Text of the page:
The new large Mercedes-Benz CL coupé from the C 215 model series effortlessly won general acclaim 25 years ago. The public had already responded enthusiastically during the premiere at the Geneva Motor Show in March 1999. The press driving presentation in the south of France in the autumn reinforced this impression.

As a world first, the coupé offered the active suspension system Active Body Control (ABC), a Mercedes-Benz development for maximum dynamism and comfort. Mercedes-Benz Head of Design Bruno Sacco and his team were responsible for the design. The C 215 model series was one of the last of the brand to bear the signature of this seminal stylist.

Pioneering suspension with Active Body Control

“Active Body Control was perhaps the vehicle’s greatest innovation”, says Frank Knothe, looking back. The engineer and model series manager for the Mercedes-Benz S-Class, SL and SLK carried out the overall technical configuration with his team. “With ABC, the CL is not just a luxurious coupé, but also displays sporting genes and comes very close to exclusive GT vehicles in terms of its overall characteristics”.

With 200 bar high-pressure hydraulics and powerful sensors and controls, ABC minimises rolling, pitching, and squatting movements of the body, thereby enhancing the driver’s fitness. The company’s research department developed the system in the 1990s. In view of its great effectiveness, it was transferred directly to the C 215 production model. “With Active Body Control, we opened a new chapter in comfort combined with active handling characteristics. Development to production maturity was a great challenge owing to the short timeframe. But the result was worth it”, says Knothe.

Exquisite design meets lightweight construction

The design of the CL was also impressive. It surveyed the world with four headlamps, while its elongated silhouette and curved roofline emphasised the coupé’s dynamism. The result was quite a feat by the designers: the body of the C 215 was 72 millimetres shorter, 55 millimetres narrower and 54 millimetres lower than its predecessor, the C 140, and the wheelbase was 60 millimetres shorter. Nonetheless, with interior dimensions at S-Class level, the CL met the highest expectations in terms of spatial comfort. The lightweight construction concept with high-strength steel, aluminium, magnesium and plastic reduced the vehicle weight by 340 kilograms compared to the C 140.

Its position at the top of the Mercedes-Benz model range was reflected in the appointments of the CL, which was assembled on a separate line at the Sindelfingen plant. The dashboard, seats, door and side panels, as well as the armrest on the centre console, were lined with leather as standard. The interior highlights included generous use of wood trim. From spring 2001, designo stone trim became available for the interior of the CL.

Top-of-the-range AMG model with V12 bi-turbo engine

The CL 500 with a V8 engine and 225 kW (306 hp) power was launched in October 1999. The 270 kW (367 hp) CL 600 with a newly developed V12 engine with automatic cylinder deactivation followed in 2000. Fuel consumption was reduced by around 20 percent compared to the preceding model in the C 140 model series. Cylinder deactivation was also optionally available for the CL 500.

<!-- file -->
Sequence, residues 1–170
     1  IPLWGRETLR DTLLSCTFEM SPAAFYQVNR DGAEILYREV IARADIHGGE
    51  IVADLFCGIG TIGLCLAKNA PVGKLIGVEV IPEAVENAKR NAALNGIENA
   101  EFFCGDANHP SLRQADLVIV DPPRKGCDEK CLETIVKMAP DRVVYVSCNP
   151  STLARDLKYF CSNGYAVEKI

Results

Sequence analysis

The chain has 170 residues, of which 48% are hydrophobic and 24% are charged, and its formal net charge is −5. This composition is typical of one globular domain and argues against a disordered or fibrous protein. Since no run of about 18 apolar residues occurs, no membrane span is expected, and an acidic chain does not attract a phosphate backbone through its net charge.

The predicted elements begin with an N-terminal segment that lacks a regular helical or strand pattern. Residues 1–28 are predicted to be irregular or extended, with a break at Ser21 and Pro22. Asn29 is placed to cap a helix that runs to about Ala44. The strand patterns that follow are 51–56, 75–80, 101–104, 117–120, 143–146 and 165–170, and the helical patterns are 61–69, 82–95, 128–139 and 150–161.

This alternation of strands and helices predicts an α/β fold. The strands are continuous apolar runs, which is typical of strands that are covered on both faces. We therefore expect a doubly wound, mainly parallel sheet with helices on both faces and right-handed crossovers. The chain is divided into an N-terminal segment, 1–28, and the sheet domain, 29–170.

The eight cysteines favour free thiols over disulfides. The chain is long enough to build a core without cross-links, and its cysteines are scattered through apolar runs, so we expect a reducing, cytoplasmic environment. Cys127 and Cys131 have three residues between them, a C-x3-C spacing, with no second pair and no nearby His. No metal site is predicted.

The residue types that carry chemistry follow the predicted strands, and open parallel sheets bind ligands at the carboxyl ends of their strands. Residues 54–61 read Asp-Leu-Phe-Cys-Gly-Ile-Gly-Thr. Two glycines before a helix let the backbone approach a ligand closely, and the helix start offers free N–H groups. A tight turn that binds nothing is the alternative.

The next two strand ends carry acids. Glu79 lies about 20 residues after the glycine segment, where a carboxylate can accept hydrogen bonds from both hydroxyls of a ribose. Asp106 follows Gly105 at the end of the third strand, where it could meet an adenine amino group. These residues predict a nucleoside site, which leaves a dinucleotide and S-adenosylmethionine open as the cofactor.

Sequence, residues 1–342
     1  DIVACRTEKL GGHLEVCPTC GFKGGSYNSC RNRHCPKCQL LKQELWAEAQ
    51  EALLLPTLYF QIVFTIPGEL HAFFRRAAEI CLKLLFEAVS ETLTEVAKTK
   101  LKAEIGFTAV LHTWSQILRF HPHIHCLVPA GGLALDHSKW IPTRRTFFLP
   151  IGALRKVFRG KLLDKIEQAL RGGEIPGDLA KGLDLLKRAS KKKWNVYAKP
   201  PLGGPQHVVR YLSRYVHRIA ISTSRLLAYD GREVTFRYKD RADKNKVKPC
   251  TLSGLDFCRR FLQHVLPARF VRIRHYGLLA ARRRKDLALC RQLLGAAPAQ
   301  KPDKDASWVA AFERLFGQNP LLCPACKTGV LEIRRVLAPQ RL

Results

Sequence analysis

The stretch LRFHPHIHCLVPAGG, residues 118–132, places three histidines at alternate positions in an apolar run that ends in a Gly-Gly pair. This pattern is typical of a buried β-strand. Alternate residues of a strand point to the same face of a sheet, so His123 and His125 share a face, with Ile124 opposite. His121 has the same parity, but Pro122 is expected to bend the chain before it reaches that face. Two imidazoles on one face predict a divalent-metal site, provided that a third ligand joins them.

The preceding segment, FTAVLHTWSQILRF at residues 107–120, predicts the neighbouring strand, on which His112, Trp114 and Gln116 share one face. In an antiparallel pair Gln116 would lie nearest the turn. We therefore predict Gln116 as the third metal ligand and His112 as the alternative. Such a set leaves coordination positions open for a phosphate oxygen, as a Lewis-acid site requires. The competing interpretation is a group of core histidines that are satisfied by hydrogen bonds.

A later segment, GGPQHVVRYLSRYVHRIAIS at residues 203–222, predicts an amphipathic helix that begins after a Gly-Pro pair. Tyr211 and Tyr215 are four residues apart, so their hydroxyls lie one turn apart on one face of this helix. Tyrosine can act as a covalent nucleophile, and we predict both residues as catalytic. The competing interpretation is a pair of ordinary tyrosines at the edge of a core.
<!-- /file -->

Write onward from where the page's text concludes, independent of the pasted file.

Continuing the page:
In addition to the CL 500 and CL 600, there were two AMG high-performance versions in the C 215 model series: the V8 CL 55 AMG (265 kW/360 hp) was presented in late autumn 1999, followed by the twelve-cylinder CL 63 AMG (324 kW/444 hp) in 2001. The top model arriving in 2003 was the CL 65 AMG with a V12 bi-turbo engine, 450 kW (612 hp) and 1,000 Newton-metres of torque. At the time, the high-performance coupé was one of the two most powerful cars in the history of AMG and Mercedes-AMG – alongside the S 65 AMG Saloon presented at the same time.

Innovations in the sporty and luxurious model series

Active Body Control was not the vehicle’s only technological innovation. In addition, the luxury-class coupé was equipped with the Electronic Stability Program ESP®, anti-slip regulation ASR, the anti-lock braking system ABS and the braking assistance system BAS as standard. It also had features such as innovative bi-xenon headlamps with a cleaning system for high and low beam, as well as the PARKTRONIC system. Numerous airbags protected the occupants, while integral seats for the driver and front passenger with an easy-entry function contributed to comfort.

A new door hinge with four joints ensured easy entry and exit. “It looks inconspicuous, but a great deal of engineering work went into the hinge. It was a very sophisticated solution, as the aim was to achieve consistently small gaps in the door aperture”, recalls Frank Knothe. An electronic tyre pressure monitoring system, DISTRONIC adaptive cruise control and other solutions such as the chip-card based Keyless Go drive authorisation system were available on request.

By February 2006, 47,984 CL models of the C 215 series had been built â€“ a successful chapter in the history of luxurious sportiness at Mercedes-Benz. The best-selling model was the CL 500 with 32,224 units, accounting for more than two thirds of total production.

The C 215 also made a name for itself on international race tracks. In the 2000 Formula 1 season, a modified Mercedes-Benz CL 55 AMG entered service as the Official F1™ Safety Car. From autumn 2000, Mercedes-Benz offered the CL 55 AMG “F1 Limited Edition” in Safety Car style for customers with decidedly sporty inclinations. The CoupĂ© was limited to 55 units and had highly exclusive appointments. It was the world’s first road-legal vehicle to feature a braking system with internally ventilated brake discs made from fibre-reinforced ceramics.

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